- The scheme manager must set up and operate arrangements which comply with legal requirements for resolving internal disputes with members and others.
- You should regularly check that the arrangements work effectively.
Internal dispute resolution procedure
When decisions can be disputed
Where a person with an interest in the scheme isn’t satisfied with any matter relating to the scheme, they have the right to ask for that matter to be reviewed.
A person has an interest in the scheme if they:
- are a member or beneficiary of the scheme
- are a prospective member of the scheme
- have ceased to be a member, beneficiary or prospective member
- claim to be in one of the categories above and the dispute relates to whether they are such a person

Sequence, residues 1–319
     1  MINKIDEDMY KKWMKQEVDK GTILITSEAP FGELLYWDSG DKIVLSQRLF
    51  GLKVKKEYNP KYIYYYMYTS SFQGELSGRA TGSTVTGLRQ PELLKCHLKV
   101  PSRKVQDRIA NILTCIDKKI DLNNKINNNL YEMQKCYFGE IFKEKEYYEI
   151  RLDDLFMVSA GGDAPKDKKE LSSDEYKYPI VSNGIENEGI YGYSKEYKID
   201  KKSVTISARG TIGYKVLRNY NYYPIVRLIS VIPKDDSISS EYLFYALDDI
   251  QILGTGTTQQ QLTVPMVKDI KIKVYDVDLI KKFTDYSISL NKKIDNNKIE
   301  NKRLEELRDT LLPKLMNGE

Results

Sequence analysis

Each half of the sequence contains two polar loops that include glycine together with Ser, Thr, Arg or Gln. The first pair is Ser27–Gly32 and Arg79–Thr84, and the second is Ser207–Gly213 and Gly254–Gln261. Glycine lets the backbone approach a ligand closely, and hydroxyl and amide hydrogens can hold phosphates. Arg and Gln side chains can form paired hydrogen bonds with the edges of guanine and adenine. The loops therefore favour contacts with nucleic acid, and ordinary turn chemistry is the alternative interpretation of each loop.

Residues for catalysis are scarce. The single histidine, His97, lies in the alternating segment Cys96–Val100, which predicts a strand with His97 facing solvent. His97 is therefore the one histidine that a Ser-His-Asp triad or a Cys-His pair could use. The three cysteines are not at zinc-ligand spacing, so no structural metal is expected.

Your dispute resolution arrangements won’t apply to certain disputes, eg where a court or tribunal has started proceedings relating to the dispute or the Pensions Ombudsman Service is investigating the dispute. Certain other prescribed disputes, for instance medical-related disputes, which may arise in relation to police and fire and rescue workers, are also exempted disputes.
Implementing your procedure
You must ensure that the internal dispute resolution procedure is implemented and should regularly assess its effectiveness.
The procedure must state:
- how to apply for a dispute to be resolved
- what must be included in an application
- how decisions will be reached
- how the applicant will be notified of the decision
The scheme manager must communicate information about the procedure to members and others. The scheme manager must also provide information about the Pensions Ombudsman when an application is received or when notifying an applicant of the decision.
Public Service toolkit online learning
You can learn about the requirement for schemes to have an internal dispute resolution procedure in the 'Resolving internal disputes' course. You must log in or sign up to use the Public Service toolkit.